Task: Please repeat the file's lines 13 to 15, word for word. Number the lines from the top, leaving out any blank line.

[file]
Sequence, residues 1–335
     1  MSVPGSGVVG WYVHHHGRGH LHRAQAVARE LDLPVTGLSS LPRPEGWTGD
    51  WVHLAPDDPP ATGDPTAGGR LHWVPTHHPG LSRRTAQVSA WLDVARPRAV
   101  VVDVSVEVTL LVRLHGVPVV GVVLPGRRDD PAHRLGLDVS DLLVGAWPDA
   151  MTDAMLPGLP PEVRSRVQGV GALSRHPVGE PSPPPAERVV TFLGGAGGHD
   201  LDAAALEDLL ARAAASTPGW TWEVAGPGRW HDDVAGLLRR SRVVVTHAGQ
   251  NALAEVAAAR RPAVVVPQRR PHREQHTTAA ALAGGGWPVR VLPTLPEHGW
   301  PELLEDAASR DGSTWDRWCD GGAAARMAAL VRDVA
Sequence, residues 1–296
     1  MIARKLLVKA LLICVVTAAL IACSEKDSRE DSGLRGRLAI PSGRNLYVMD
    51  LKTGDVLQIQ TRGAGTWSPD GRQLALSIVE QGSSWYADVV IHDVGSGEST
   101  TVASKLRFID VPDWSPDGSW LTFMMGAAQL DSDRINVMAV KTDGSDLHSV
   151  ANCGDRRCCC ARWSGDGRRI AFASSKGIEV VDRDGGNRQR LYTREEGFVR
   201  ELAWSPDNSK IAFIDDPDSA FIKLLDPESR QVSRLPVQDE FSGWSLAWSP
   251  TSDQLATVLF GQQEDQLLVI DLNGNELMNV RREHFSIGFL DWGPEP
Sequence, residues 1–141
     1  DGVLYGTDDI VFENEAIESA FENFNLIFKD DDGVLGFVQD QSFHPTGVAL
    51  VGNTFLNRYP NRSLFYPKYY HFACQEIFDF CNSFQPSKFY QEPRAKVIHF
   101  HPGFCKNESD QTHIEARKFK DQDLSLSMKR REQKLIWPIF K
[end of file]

   151  ANCGDRRCCC ARWSGDGRRI AFASSKGIEV VDRDGGNRQR LYTREEGFVR
   201  ELAWSPDNSK IAFIDDPDSA FIKLLDPESR QVSRLPVQDE FSGWSLAWSP
   251  TSDQLATVLF GQQEDQLLVI DLNGNELMNV RREHFSIGFL DWGPEP